Karnataka Elections: Part 1 – Redrawing Constituencies

Starting today, i hope to write a series of posts on my blog covering the Karnataka elections, which are scheduled to be held on May 10, 16 and 22. What makes this elections more interesting is that they are going to be held according to new constituencies which were drawn up by the Justice Kuldip Singh Commission. The Congress tried to push the elections to November, claiming that it would take time to prepare the new rolls. However, the EC figured that they would be able to hold the elections before May 28 – which is 6 months after the last assembly got dissolved, so elections will be held next month.

For the last one week, I’ve been diligently reading the elections special page of the Vijaya Karnataka in order to get an idea as to what is happening. Going by those reports, one common thread across districts is the delimitation exercise. On one hand, certain unwieldy constituencies (such as Uttarhalli or Binnypet) have been split, and smaller constituencies in the hinterland have been dissolved to make way for them. What seems to have had a greater impact, however, is the reservation and de-reservation of constituencies.

I’m not sure of this but there seems to have been inorganic growth of Scheduled Tribes in Karnataka in the last 30 years. It is clear that certain new communities have been given “tribal status” (I’m not sure if they rioted like the Gujjars to show that they are uncouth and hence deserve tribal status). Else the number of tribal constituencies in the assembly wouldn’t have gone up from two to fifteen!

In the last assembly, there were two tribal constituencies. Virajpet in Coorg and Gokak near Belgaum. People in the former constituency have been cribbing for “generalization” of their constituency since the reservation was effectively denying Coorgis one extra seat in the assembly (Somwarpet and madikeri were the other coorgi constituencies, and they were general). Justice Singh did oblige, converting Virajpet into general (and reserving the neighboring H D Kote near Mysore for ST). However, on the grounds of small size, Somwarpet has been dissolved, leaving the Coorgis back at square one. One important change for the coorgis, however is that now they’ll vote for Mysore constituency? in the Lok Sabha elections, as opposed to Mangalore as they were doing so far.

There is now a new “tribal belt” in Karnataka, in the center-north in areas bordering Andhra. Raichur and Bellary lok sabha constituencies are now reserved for STs and most of the assembly constituencies around that area, too, have been set aside for STs. The biggest beneficiaries of this are people from the Lambani tribe (also called Banjaras; most common surname is Naik). On the other hand, reservation of most of Bellary seems to have broken the back of the mining lobby which was politically powerful in this area.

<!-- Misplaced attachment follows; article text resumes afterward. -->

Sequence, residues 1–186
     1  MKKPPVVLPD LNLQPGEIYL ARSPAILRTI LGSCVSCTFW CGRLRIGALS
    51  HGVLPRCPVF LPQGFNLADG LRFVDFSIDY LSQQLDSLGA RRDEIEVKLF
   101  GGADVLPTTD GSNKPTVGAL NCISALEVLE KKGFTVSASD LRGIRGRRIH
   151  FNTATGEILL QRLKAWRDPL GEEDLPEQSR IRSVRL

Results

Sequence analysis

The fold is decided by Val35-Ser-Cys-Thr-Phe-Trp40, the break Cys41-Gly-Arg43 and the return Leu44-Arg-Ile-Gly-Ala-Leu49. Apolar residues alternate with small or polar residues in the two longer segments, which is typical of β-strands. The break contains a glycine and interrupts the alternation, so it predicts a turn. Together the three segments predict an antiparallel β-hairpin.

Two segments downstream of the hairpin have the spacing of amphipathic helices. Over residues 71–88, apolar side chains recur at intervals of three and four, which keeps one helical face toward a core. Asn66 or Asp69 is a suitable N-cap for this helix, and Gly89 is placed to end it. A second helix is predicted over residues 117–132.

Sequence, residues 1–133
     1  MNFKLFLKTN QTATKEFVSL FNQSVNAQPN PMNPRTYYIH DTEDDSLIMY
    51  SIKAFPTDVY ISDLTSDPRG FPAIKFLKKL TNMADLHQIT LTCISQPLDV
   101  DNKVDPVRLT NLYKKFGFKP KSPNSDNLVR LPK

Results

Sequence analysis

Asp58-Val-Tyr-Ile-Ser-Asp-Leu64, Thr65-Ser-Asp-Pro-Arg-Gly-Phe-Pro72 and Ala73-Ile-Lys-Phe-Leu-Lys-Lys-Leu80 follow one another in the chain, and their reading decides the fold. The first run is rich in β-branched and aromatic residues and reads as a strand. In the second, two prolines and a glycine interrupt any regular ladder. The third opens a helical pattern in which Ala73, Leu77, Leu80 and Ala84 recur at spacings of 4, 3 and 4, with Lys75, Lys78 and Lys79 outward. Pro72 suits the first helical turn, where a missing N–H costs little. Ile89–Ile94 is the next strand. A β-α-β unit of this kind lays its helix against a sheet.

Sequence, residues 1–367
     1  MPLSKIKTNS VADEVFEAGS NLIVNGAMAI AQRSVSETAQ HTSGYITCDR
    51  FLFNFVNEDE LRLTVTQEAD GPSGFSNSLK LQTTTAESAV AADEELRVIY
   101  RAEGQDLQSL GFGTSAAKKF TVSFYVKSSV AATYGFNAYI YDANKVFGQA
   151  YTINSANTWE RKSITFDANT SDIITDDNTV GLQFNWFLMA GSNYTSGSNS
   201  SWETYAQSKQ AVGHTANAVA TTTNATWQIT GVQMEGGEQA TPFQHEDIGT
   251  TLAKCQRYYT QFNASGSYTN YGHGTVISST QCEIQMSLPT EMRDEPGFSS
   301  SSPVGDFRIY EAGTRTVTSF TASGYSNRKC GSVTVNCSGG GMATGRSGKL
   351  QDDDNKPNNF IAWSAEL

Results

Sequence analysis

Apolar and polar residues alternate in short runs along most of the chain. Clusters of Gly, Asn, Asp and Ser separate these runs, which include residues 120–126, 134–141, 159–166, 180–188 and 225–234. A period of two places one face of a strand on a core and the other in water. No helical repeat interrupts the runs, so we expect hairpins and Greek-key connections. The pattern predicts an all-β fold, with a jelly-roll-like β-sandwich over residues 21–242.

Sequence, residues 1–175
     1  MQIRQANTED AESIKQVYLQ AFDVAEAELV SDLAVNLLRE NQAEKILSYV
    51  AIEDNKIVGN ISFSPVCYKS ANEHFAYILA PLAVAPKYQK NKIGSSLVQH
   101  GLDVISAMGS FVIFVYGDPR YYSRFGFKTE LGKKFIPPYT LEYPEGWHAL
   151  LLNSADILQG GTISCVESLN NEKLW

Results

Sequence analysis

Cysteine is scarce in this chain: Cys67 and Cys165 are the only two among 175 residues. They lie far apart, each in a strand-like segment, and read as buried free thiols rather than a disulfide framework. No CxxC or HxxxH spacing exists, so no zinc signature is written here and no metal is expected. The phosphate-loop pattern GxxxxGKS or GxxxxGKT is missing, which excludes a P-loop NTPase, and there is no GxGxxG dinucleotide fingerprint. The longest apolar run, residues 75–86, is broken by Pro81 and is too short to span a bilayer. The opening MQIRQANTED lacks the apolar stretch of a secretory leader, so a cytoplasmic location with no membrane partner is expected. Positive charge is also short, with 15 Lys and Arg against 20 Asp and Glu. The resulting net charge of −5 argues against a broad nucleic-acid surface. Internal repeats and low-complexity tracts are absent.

It would be interesting to know how reserved constituencies get chosen. As a first step, I believe, they calculate the aggregate proportions of SCs and STs and determine the number of reserved seats. Key here is the decision of how to determine which seats to reserve. If there are certain areas which have an overwhelmingly high population of these reserved communities, then it is easy to figure out. But what if certain communities are evenly spread out? How do they determine where to reserve? Isn’t the reservation of most of Raichur and Bellary unfair for the non-tribals there? Haven’t the tribals in areas other than the Lambani belt been discriminated against because they don’t have as much of a voice as the Lambanis? Wouldn’t it probably be better to have communal vote banks for communities for which you have reservation? (just a thought).

Apart from this, there is going to be heavy “displacement” due to change in reservation status for a number of seats. A number of prominent “leaders” including Mallikarjun Kharge, M P Prakash and B B Shivappa have “lost” their constituencies to this. There also seems to be significant lobbying and politics behind the deletion of smaller constituencies. Prominent was the effort to keep Chickmaglur “in the name of Indira Gandhi”. One interesting case here is that one constituency in Udupi district had to go. After hectic lobbying, the “chosen one” was one where the incumbent was an independent!

On the whole, the delimitation seems to have supported the rural->urban migration theory. On one hand, large constituencies in Bangalore such as Binnypet and Uttarhalli have been split, the latter into no less than six new constituencies. During the last election, my name was registered in Uttarhalli. Now, looking at the new delimitation, I may get to vote in Basavanagudi. In other towns also, there is a new rural-urban divide. Nearly wholly-urban constituencies have been created in Tumkur, Shimoga, Mangalore, etc. The number of urban constituencies in Mysore has also gone up by one. Deve Gowda won’t like it.

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